The Arts Desks’ weekly picks for music, movies and more
By CLARA FISCHER — email@example.com
Book: “The Great Gatsby” by F. Scott Fitzgerald (1925)
Yes, this book is part of the much-disputed classical canon, and most people probably only know it from being forced to read it during their junior-year English class in high school. However, I consistently claim this book as my favorite of all time because of its beautifully melancholy prose and complex themes. Was Gatsby truly in love with Daisy, or did she represent something greater than one human could ever live up to? At the end of the day, what motivates all of us? Fitzgerald has a way of exploring concepts that resonate across generations, especially among young adults — the search for identity and a sense of belonging is something that transcends any zeitgeist.
Song: “Sign of the Times” by Harry Styles (2017)
I wouldn’t consider myself a Harry Styles superfan, but after seeing him live, I might become one. His debut single remains, in my opinion, one of the best in his discography, and seeing it performed in real life was a quasi-out-of-body experience. The lyricism, musical production and vocal performance on this track are top-notch, and Styles backs it up with his live performance. Though he brings energy and vocals to every song performed, “Sign of the Times” was one of the most special parts of the show because of its emotional pull.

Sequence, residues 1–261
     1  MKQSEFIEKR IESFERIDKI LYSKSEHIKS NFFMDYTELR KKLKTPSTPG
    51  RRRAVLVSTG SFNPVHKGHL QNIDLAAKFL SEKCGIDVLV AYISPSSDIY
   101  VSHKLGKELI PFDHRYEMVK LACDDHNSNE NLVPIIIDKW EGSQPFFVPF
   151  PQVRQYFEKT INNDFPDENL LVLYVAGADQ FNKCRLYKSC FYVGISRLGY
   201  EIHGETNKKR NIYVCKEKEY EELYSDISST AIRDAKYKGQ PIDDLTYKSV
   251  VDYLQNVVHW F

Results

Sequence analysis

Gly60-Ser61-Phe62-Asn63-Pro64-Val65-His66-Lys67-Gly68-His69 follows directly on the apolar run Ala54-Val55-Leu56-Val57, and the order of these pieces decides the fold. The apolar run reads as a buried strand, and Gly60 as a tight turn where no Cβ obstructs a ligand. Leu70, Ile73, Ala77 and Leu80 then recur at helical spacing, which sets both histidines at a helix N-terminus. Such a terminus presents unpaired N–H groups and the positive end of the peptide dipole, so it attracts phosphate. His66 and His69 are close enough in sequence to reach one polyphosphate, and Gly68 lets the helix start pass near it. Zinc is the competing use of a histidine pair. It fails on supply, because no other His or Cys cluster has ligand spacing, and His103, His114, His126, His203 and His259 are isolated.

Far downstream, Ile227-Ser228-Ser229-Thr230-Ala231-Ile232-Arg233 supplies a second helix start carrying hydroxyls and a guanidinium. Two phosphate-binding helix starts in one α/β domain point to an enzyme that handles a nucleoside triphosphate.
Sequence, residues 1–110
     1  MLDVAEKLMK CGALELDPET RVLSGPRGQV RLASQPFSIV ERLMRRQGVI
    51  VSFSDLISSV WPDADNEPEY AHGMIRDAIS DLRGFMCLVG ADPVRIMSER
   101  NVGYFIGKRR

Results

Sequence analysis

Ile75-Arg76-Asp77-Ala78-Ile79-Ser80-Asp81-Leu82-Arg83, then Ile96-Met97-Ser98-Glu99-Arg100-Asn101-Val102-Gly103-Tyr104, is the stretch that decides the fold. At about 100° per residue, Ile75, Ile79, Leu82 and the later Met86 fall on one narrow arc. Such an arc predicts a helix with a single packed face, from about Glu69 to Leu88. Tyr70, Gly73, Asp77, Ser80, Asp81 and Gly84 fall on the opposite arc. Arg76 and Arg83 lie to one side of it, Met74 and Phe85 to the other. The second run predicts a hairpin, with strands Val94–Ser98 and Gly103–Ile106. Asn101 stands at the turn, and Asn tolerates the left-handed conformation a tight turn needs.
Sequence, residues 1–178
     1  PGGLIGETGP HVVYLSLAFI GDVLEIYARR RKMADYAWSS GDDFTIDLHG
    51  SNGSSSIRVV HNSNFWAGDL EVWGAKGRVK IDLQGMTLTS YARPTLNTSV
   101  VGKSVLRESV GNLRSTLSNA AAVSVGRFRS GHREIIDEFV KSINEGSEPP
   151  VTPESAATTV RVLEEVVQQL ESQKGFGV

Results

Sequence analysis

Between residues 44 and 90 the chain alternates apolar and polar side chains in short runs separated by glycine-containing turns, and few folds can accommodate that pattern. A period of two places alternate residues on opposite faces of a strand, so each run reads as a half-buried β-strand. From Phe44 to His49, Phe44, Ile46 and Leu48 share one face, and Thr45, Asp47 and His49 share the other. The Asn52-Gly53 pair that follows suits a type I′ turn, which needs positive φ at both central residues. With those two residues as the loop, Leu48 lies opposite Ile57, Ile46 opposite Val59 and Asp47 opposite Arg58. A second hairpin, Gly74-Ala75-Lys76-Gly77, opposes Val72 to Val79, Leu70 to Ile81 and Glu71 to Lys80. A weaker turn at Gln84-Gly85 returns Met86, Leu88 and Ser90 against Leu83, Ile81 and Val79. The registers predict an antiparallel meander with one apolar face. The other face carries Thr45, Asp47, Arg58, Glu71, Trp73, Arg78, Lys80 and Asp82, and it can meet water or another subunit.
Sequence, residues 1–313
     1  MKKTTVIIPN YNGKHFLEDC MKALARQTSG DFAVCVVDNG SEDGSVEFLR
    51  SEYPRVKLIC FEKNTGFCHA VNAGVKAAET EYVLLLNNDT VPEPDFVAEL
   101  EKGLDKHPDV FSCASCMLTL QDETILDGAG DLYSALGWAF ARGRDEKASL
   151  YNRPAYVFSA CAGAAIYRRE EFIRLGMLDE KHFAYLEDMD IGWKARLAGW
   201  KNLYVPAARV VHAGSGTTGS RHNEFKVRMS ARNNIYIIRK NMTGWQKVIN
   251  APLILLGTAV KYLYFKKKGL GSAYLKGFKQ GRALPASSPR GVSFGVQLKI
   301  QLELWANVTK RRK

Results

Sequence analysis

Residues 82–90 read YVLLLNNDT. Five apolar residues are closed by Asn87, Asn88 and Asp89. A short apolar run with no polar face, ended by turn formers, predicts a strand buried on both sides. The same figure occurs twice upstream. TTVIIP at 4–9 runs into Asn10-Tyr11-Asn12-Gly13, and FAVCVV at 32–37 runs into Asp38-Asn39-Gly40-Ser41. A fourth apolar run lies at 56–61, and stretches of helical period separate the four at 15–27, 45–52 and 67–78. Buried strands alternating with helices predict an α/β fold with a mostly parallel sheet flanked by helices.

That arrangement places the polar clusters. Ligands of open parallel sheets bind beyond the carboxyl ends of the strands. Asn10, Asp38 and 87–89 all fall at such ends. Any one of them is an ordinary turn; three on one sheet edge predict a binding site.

Movie: “Heathers” dir. by Michael Lehmann (1989)
Think “Mean Girls” but with a murderous streak. I’m a sucker for any form of media exploring the complexities of the female adolescent experience — as well as anything that uses colors as a form of symbolism. “Heathers” delivers on both counts, with the story focusing mainly on the dynamics between Veronica, JD and the titular Heathers (Chandler, McNamara and Duke), as well as other students at Westerburg High. With a stellar cast, compelling themes and sardonic dialogue (who could forget Heather Chandler’s iconic chainsaw line), this classic teen movie is worth the watch.
TV Show: “Dancing with the Stars” (2005)
When it comes to reality TV shows, I like mine as cheesy and nonsensical as they come, and “Dancing with the Stars” is pretty high up there. Whoever thought of the idea to enlist as many celebrities (a generous term with the likes of some of the contestants in recent seasons) as possible to learn how to ballroom dance is so silly that it actually becomes entertaining. It’s honestly heartwarming to see the effort most contestants put into bettering their scores every week, making it easy to stay invested until the end of the season.
Written by: Clara Fischer — firstname.lastname@example.org